1. Limited time only! Sign up for a free 30min personal tutor trial with Chegg Tutors
    Dismiss Notice
Dismiss Notice
Join Physics Forums Today!
The friendliest, high quality science and math community on the planet! Everyone who loves science is here!

When will a string break?

  1. Oct 3, 2012 #1
    I don't know much about physics but I know some math.
    So say I want to set up an experiment (hopefully easily reproducible) where I have a string (I can find out what I like about the string) tied to a spot above the ground. It is hanging straight down. Say I tie a zip lock back to it and I want to figure out what the maximum weight is that I can put into the bag without the string breaking.
    I guess I could repeat this experiment over and over with varying string lengths and see what the function of the weight is with respect to the weight (hopefully there's some meaningful function). However I do not have the resources currently to reproduce this experiment over and over again.
    Does anyone know of an equation that models what I'm trying to do?
    I need an approximate weight not an exact weight.
  2. jcsd
  3. Oct 3, 2012 #2
    Yeah tie weights to the string until it breaks, and that's the maximum force the string will hold before breaking. Done. The length of the string doesn't matter.
  4. Oct 3, 2012 #3
    I suppose it would depend on the tensile strength of the string, which would probably have several factors - what the string is made of, how the string is made (the ply of the string etc), the thickness of each ply etc. I am not aware of any equation that would work it out for you, but if you search for 'tensile strength' you may have more luck
  5. Oct 3, 2012 #4


    User Avatar

    In pretty much every case, it should be completely independent of string length.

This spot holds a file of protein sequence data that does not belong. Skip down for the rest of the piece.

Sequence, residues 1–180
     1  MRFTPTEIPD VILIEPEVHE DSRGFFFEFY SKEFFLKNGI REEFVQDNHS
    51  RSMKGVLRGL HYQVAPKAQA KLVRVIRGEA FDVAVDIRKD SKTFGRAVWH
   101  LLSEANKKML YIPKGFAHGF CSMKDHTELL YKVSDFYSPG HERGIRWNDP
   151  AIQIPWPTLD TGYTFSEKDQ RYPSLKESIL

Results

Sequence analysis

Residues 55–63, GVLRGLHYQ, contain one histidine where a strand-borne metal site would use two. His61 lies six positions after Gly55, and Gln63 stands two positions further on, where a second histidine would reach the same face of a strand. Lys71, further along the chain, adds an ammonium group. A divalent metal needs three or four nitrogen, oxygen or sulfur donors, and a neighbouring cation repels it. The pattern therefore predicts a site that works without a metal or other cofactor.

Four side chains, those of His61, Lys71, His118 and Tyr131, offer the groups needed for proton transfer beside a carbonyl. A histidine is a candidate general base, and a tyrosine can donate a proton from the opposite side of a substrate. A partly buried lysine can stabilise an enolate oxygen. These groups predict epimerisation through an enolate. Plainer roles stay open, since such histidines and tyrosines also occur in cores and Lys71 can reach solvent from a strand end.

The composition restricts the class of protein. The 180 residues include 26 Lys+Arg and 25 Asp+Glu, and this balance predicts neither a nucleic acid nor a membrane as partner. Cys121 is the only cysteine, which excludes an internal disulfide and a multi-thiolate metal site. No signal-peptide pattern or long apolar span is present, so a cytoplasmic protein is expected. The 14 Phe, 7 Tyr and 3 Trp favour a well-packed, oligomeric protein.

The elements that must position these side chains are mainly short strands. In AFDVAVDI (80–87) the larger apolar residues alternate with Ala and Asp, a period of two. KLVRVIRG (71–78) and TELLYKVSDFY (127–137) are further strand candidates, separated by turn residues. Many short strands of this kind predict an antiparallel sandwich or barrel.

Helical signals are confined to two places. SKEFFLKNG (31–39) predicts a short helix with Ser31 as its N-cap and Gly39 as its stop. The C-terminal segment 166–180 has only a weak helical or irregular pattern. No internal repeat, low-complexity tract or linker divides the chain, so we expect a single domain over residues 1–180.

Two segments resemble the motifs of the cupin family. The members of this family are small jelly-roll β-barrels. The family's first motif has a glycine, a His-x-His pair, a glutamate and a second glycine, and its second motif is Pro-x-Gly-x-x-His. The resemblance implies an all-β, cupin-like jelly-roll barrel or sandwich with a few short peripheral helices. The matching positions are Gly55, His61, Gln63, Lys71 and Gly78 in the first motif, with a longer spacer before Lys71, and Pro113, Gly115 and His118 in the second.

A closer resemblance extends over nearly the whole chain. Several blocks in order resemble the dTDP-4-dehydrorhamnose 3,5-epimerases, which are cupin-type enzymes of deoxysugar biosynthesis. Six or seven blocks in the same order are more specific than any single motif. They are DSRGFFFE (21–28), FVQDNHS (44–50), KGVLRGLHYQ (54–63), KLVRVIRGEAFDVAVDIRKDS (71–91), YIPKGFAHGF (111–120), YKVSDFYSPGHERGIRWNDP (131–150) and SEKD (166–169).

6. Oct 3, 2012 #5
    Yes you can search for "yield strength" and "ultimate tensile strength".
    See for example:

    If you double the area (for example if you take a double string) then you double the max. weight.

    And if you know the material then you may be able to find a theoretical value from which you can work it out for yourself, for example:

    1 Pa = 1N/m2
    F=mg with F is force in Newton [N], m is mass in kg and g is gravitational acceleration = ca.9.8 m/s2
    Last edited: Oct 3, 2012
  7. Oct 3, 2012 #6
    The only thing about strings is that you have to add the weights gently.

    If you drop a large weight, tied to a string or drop one into a pan supported by a string you are applying impulsive forces that can be up to double the weight.

    Crane drivers have to be very careful to avoid this situation. They call them snatch forces.
  8. Oct 3, 2012 #7
    I've tested much cordage over the years. Often the package will list a tensile strength, which often is the smallest number you might expect, 2 or 3 sigma below the mean. You will also find that your knot is the weak point, and that the strength of the knot is also highly variable. All this uncertainty is the reason that most codes require a safety factor of 5, but for some applications 8 or 10.
  9. Oct 3, 2012 #8
    I think it has something to do with Youngs modulus although I could be wrong. Basically the string (or any material) will stretch to a point and snap. Youngs modulus is a linear equation relating the tensile stress to the strain. Use wikipedia for more info, I'm rusty for explaining it detail.
Share this great discussion with others via Reddit, Google+, Twitter, or Facebook